Economists Endorse Governor’s New Revenue Plan

Investing meaningfully today in education and transportation will significantly improve our economic tomorrows.

–Barry Bluestone, economist

Raising revenues now will help us fulfill our responsibility to future generations.

–Paul Toner, MTA

As reported in the Boston Globe today, 57 local economists are declaring their support for the Governor’s progressive revenue proposal. Much like “An Act to Invest in Our Communities,” the Governor’s plan makes our overall tax system less regressive, and raises sufficient revenue to not only put out the fires of fiscal crises (MBTA), but also to invest in education and other services that have suffered years of budget cuts due to ill-conceived tax cuts in the 1990s.

It makes sense. You cannot create a solid foundation for the future if you do not invest in building it! An education is the best investment for economic potential, individually, and it is also true for our state’s larger economy. Transportation is tightly linked to economic growth, too (see today’s Christian Science Monitor story). And the services we perform together as a community (policing, infrastructure, health care, special education, food assistance, more) help keep our families strong; further cutting them adds further burden on families and continues to stunt our economic growth.

It’s not just economists who understand this; a recent Boston Herald poll shows that more Bay Staters approve of the Governor’s plan than those who do not. With expert opinion and popular support — it’s time now for the Legislature to get on board. Join us in taking action — make an easy phone call or email, and join us Tuesday, March 12, at the State House to tell your legislators: Invest in our communities!

Find out more and start organizing in your town in support of Our Communities!

Read an excerpt from the Globe article, below:

A group of more than 50 economists will voice their support Monday for Governor Deval Patrick’s plan to increase Massachusetts’s income tax, saying that chronic underfunding of the state’s education and transportation systems has threatened future prosperity.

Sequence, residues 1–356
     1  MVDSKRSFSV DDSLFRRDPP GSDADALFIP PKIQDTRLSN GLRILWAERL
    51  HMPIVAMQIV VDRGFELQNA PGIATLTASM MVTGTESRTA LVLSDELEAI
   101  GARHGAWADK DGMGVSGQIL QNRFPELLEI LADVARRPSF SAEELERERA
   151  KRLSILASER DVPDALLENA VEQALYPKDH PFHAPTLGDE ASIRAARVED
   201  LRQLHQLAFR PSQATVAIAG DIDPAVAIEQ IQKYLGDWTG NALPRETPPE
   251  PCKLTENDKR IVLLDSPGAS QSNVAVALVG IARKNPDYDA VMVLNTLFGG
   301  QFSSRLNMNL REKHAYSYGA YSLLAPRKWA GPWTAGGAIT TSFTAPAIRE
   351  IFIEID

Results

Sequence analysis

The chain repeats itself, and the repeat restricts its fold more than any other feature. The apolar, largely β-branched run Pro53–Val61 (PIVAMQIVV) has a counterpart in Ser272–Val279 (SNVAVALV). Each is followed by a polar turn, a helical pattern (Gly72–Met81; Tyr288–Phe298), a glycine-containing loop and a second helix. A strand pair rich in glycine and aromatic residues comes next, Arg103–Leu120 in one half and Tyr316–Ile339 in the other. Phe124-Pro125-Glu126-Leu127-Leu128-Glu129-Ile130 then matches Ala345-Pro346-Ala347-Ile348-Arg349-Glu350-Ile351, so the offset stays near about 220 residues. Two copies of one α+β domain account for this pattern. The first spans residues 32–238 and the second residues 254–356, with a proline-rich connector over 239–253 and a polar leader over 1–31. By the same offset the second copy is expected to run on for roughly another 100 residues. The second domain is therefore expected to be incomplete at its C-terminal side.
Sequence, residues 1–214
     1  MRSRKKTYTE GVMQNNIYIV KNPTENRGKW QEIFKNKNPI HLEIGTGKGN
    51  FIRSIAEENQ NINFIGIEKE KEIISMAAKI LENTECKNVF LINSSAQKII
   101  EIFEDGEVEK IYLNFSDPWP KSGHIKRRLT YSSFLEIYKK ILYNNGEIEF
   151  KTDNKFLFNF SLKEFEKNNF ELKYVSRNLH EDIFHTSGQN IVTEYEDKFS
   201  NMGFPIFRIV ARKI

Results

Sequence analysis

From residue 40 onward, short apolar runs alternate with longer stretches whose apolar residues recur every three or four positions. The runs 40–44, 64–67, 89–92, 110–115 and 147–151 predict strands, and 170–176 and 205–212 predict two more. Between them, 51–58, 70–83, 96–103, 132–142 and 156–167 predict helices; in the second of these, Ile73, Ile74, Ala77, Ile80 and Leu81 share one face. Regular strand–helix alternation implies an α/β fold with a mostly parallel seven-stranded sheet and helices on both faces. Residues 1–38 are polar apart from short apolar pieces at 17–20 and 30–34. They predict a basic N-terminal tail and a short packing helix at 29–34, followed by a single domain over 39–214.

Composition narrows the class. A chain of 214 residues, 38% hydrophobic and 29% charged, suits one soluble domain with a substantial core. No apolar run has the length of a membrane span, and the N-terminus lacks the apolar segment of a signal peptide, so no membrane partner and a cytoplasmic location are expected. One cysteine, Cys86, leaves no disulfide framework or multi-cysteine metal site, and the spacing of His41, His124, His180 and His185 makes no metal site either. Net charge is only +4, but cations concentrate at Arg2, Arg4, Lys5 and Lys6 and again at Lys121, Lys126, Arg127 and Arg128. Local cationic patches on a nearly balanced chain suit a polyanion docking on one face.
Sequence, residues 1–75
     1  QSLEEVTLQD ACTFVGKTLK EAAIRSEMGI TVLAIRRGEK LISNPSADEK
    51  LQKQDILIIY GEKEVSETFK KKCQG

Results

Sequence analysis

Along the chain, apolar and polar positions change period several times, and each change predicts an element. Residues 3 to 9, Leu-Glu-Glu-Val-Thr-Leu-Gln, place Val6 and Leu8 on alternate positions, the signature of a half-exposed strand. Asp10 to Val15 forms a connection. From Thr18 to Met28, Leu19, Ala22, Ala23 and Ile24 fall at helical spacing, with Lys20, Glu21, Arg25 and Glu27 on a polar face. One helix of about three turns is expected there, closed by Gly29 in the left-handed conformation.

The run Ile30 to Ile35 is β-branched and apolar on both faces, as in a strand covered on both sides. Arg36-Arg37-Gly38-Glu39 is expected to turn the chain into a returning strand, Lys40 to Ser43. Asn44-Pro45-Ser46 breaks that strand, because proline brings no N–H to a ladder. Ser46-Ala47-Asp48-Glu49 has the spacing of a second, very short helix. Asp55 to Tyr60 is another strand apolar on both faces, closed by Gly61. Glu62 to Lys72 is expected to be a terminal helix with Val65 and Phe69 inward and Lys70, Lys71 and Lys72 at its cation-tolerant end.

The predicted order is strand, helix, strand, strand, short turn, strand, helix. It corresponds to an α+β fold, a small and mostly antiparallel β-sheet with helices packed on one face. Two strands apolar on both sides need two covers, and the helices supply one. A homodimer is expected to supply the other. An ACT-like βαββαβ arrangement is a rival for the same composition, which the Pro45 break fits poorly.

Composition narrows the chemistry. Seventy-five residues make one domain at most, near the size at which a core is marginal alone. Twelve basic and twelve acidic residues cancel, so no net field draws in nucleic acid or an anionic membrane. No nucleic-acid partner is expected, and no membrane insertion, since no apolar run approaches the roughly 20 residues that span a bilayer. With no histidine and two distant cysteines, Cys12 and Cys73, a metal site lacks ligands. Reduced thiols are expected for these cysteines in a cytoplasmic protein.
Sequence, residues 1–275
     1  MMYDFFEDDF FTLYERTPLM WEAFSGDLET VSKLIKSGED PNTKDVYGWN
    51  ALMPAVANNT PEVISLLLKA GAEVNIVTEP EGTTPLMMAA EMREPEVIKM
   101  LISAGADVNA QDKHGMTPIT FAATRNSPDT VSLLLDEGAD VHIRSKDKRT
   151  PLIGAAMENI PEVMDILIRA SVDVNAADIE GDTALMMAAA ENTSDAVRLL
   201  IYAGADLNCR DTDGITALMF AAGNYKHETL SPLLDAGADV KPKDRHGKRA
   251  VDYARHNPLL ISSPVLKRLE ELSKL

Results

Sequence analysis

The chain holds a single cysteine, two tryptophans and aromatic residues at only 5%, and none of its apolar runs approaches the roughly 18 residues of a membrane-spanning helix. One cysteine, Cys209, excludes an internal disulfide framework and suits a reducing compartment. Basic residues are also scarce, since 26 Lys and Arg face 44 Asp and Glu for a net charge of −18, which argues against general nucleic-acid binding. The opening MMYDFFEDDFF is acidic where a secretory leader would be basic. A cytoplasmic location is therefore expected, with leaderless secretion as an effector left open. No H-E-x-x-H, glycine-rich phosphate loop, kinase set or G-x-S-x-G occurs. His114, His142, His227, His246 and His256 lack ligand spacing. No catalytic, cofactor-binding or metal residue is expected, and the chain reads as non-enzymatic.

“We believe there needs to be a significant increase in investment to make sure we remain economically competitive,” said Barry Bluestone, director of the Dukakis Center for Urban and Regional Policy at Northeastern University, one of the 57 economists who signed the statement backing the governor’s plan.

The governor’s proposal, which would generate an additional $1.9 billion annually, raises the income tax from 5.25 to 6.25 percent, while cutting the sales tax from 6.25 to 4.5 percent.

His plan also would eliminate 44 tax exemptions and deductions and change the corporate tax code to raise $149 million a year.

The additional revenue would be used to finance a broad overhaul of the state’s aging transportation system and launch major education initiatives.

The governor’s plan needs the approval of the Legislature. Last week, House Speaker Robert A. DeLeo said he will offer his own, scaled-down revenue package next month.

DeLeo’s more narrowly focused bill would provide additional funding for transportation but would also look for budget cuts in the state Department of Transportation.

Patrick unveiled his proposal in his State of the Commonwealth speech in January.

“There is no good time to raise taxes,’’ said Patrick in the speech. “I would not ask if I did not believe in my heart that investing meaningfully today in education and transportation will significantly improve our economic tomorrows.”

Bluestone said many of the economists were inclined to sign the letter because the governor pledged to use some of the increased revenue to fund early-education programs.

“The evidence we’ve seen from other economists suggest that early education has a very high return,” he said, explaining that a better educated work force will earn more and generate more tax for the state.

Last week, a group of educators and union leaders including Paul Toner, president of the Massachusetts Teachers Association, and Jackie Jenkins-Scott, president of Wheelock College, also urged lawmakers to back the governor’s plan.

In a letter to all legislators, this group argued that “raising revenues will help us fulfill our responsibility to future generations, as well as our commitment to the students currently attending our schools, colleges and universities.”

from The Boston Globe

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